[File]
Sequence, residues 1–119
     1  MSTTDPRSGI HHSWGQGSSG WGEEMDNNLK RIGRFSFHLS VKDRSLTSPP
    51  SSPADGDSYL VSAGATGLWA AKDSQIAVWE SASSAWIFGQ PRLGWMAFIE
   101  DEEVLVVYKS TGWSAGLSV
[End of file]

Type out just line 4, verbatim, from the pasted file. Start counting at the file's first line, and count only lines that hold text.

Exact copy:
   101  DEEVLVVYKS TGWSAGLSV